You’ll also want your text and headings to be as plain as possible.  Most ereaders won’t accept any fonts you use – even if you embed them in your document.  If you are desperately in love with your fonts and want your pages to look the same on every device, you might be one of the (few) people who would be well-suited to using Kindle Kids’ Book Creator.

Page layout – Keep it simple

As for your page layout, since that, too, doesn’t translate to the Kindle format, just use all of Word’s defaults, whether that’s 8.5x11 or A4 depends on where you live, but I think either will work.  Leave the margins at the default as well.

Here’s an example of a page set up in Microsoft Word for my new book Sharing Shmittah for Kindle. (It’s about the 7th-year Sabbatical in the Land of Israel which is described in the Bible.  Sounds deathly dull, but I think I’ve done a great job of making it kid-friendly!)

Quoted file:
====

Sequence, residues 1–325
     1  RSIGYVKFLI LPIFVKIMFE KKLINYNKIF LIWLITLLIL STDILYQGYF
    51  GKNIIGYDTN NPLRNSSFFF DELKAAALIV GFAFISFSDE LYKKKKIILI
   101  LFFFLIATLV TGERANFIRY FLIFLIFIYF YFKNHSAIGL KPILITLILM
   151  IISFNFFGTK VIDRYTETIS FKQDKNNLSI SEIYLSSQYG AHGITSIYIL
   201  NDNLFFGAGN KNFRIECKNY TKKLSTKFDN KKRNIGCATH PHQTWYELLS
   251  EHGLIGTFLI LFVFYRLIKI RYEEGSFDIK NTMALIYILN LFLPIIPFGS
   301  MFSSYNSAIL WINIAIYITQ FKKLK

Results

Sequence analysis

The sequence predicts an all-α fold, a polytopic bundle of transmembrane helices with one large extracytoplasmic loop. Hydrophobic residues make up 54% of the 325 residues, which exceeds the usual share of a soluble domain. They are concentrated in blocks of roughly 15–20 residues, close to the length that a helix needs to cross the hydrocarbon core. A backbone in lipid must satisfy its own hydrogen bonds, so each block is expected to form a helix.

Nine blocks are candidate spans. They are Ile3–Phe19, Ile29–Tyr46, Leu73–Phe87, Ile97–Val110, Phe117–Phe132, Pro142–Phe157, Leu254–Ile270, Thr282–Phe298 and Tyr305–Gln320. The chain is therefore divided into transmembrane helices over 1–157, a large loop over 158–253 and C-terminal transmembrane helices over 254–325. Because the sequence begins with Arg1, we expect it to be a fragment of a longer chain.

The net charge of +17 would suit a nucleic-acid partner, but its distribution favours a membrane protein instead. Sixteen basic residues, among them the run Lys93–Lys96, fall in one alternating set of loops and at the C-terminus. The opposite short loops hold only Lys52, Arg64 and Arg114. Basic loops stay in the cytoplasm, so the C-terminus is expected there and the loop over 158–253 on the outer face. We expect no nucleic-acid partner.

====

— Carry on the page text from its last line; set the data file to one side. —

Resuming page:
As you can see, this is a very, very simple layout.  Simple is better in this case.  It means your book will show up properly on more ereaders. 

Make sure you separate your pages with a proper Page Break.  You can insert one of these by pressing CTRL-Enter.  Even if you have enough lines on a page to “bump” your text automatically to the next page, use manual page breaks as well.


Text formatting – yup, simple is better here, too

You’ll want to use the “Normal” style for your text throughout the book.  Almost all formatting will be lost beyond basic bold, italics and underlining.

You can, however, include links in your Word document.  This is great news when it comes to including more of your books and/or other calls to action in the back of the book.


Planning aHEAD for your headings (groan)

Where you can play around a little is with the built-in Heading 1 and Heading 2 styles for main heads and subheads.  Wherever you use Heading 1, Calibre will automatically create a new chapter, which is handy, but that means you shouldn’t overuse it.  Here’s the front matter for the same book: